…So a few days ago I read a story from the HR Capitalist about a class action lawsuit filed against Burger King by employees alleging they were mis-classified as exempt on account of being in management trainee programs. From the piece (here):

According to allegations in a recently filed overtime pay class action lawsuit brought by a former employee, Burger King Corp. misclassified its operations coaches and trainees as exempt employees in order to stiff them of overtime pay, saving the fast-food chain millions of dollars.

By classifying the coaches and trainees as exempt employees with no supervisory or administrative responsibilities, whose jobs consisted of performing “menial laborious tasks, including, operating cash registers, cleaning bathrooms, greeting and serving customers, and cooking food,” Burger King intentionally and repeatedly violated the federal Fair Labor Standards Act, according to the unpaid overtime class action lawsuit filed by plaintiff Ronald R.

^So Dunn argues in his post that the BK employees shouldn’t be complaining about being (mis?)classified as exempt on the grounds that they are in fast-track management trainee programs. He says:

Someday my boys are going to grow up and they may land in a management training program right out of school.  If they even so much as give a peep about not getting comped appropriately for the work they’re doing as grunts, you know I’m going to tell them ST_U and do the job.  Because you and I know that’s the way the world works.

They have access to a program.  The best way to get ahead is to work hard and get promoted 5 times before you’re 30.  That’s what the ballers do.

^So – caveating here that if BK is mis-classifying its employees it should stop doing so immediately – this is nevertheless an interesting idea because it goes to the power of access. It reminded me of something a mentor told me once – that early in your career you should make career decisions based not on the biggest job you can get right now… but based on what role will position you for the biggest job five years from now. Mara Schiavocampo reinforces this point in a Linkedin influencer post here. The relevant section is below:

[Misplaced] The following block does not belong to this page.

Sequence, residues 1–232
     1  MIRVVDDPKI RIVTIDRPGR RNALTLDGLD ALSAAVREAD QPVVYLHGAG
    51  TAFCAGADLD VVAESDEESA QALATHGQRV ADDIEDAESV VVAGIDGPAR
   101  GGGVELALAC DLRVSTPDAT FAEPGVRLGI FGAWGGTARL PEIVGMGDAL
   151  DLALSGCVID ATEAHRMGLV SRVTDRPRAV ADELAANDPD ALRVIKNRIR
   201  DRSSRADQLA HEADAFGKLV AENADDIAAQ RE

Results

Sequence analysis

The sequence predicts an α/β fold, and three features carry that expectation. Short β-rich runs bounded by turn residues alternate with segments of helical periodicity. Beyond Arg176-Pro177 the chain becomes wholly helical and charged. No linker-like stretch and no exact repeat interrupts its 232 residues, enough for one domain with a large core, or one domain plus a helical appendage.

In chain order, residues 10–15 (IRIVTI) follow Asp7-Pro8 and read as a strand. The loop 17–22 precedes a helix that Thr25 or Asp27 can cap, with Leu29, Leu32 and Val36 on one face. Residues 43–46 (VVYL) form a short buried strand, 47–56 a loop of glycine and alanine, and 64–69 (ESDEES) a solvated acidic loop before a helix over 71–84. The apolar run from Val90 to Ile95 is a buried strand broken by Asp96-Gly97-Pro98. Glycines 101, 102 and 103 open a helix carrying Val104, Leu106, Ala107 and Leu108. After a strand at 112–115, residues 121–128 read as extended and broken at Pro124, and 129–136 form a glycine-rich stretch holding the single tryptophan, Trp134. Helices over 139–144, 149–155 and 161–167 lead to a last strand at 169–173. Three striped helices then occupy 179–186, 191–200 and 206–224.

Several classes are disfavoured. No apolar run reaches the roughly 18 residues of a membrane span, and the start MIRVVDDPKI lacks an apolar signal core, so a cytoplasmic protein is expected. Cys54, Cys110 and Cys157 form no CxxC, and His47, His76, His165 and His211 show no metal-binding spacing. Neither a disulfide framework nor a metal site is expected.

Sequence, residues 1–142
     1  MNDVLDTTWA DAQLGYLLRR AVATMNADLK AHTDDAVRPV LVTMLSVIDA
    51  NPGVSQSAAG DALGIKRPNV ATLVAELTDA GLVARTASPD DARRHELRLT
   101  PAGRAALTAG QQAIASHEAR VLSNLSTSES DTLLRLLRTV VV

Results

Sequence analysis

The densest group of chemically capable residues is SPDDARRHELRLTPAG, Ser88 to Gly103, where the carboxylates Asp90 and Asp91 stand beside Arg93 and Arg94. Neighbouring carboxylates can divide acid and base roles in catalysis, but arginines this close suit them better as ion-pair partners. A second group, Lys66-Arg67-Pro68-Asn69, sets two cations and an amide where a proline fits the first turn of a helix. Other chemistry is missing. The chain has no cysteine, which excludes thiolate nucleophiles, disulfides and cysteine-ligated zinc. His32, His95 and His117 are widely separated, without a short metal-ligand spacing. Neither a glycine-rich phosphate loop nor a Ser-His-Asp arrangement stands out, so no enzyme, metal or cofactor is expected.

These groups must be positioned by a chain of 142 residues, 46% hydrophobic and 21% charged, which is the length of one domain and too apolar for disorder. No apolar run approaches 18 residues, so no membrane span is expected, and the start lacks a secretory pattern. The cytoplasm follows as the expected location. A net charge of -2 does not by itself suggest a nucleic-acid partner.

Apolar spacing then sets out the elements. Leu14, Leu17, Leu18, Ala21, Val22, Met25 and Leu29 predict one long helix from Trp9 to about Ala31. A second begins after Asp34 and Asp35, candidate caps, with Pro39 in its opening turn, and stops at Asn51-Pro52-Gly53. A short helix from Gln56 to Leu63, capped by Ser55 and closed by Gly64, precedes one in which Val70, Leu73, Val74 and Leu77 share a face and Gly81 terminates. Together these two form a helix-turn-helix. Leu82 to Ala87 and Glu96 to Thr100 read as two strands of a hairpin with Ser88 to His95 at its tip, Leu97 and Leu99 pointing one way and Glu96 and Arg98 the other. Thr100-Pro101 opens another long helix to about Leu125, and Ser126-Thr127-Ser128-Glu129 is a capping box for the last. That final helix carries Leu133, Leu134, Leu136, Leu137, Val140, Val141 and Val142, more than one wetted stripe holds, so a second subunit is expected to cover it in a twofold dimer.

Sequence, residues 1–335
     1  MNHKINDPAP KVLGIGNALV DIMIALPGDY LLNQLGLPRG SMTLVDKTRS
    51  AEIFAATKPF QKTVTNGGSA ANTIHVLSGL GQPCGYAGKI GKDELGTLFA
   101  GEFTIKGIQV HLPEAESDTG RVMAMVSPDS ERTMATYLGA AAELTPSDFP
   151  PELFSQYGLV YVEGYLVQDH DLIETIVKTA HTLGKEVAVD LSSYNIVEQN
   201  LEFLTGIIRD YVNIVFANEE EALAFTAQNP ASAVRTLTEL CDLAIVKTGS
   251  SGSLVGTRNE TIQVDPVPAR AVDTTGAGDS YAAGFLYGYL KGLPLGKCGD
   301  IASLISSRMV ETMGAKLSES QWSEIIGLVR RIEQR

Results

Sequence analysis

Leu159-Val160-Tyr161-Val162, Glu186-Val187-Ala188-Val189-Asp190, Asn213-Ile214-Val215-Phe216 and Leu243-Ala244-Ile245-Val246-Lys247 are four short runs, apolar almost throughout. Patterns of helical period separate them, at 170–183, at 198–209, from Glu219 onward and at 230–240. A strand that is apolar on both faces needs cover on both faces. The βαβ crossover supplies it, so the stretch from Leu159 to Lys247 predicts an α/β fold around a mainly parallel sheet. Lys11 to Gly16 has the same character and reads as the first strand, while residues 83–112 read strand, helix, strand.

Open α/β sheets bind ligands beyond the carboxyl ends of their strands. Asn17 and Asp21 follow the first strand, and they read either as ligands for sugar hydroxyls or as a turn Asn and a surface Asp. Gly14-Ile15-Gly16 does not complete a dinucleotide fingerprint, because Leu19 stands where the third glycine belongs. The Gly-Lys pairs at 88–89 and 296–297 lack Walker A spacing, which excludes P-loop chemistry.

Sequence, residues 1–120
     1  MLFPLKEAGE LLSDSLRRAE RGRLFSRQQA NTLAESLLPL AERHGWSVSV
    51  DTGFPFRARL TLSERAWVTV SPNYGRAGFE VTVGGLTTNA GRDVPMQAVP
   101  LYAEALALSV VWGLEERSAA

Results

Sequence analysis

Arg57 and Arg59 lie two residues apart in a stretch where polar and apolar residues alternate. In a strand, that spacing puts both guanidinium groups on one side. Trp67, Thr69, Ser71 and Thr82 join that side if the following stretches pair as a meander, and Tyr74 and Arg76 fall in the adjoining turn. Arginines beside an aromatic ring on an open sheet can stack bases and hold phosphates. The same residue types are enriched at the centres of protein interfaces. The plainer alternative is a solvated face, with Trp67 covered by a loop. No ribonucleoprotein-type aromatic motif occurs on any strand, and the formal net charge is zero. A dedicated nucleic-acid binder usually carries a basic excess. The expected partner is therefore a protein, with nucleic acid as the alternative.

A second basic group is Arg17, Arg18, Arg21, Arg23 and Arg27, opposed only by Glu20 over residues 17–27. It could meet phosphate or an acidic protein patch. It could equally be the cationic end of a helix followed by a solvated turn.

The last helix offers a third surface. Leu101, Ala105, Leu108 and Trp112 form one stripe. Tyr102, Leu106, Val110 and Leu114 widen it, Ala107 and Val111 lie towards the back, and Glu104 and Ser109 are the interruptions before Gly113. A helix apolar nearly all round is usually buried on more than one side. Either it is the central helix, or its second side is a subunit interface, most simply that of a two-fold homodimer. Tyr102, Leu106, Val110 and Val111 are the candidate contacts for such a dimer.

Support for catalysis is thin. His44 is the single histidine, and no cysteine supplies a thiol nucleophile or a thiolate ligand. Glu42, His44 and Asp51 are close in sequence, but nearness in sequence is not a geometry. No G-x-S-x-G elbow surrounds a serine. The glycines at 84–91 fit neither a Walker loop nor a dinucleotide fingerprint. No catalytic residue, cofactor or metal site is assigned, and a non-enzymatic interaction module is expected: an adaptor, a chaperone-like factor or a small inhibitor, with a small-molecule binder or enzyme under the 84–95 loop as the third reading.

…I remember calling one of my mentors for guidance several years back, feeling stalled in a lot of ways professionally. I expected feedback on my performance. But what I got was something quite different.

My mentor and I stayed on the phone for well over an hour that day, with her giving me advice on everything but my performance: the importance of building and maintaining good relationships; what kind of image I should be working to project; how the hierarchy of the company was set up. That day, she taught me all of the things I needed to know (but didn’t know I needed to know), summarized by what she called PIE: Success is 10% Performance, 30% Image, and 60% Exposure. To this day those lessons long ago continue to be some of the most practically useful of my career.

…So I don’t know if I agree with this distribution or not… but the idea that success is driven in large part by a combination of performance, image/perception, and exposure is in my mind very accurate.

…In our careers, it is easy to feel in any given moment like we are being treated unfairly – particularly when comparing ourselves to others. But I think that what both authors are saying here is that when given an exceptional opportunity sometimes the best thing you can do is put your head down and perform with a smile on your face. Because if you don’t put yourself above doing arduous or otherwise menial tasks, work hard, and have a good attitude then – mixed with the right level of visibility – over the long run you will see a return on your efforts in the form of the career advancement of your dreams.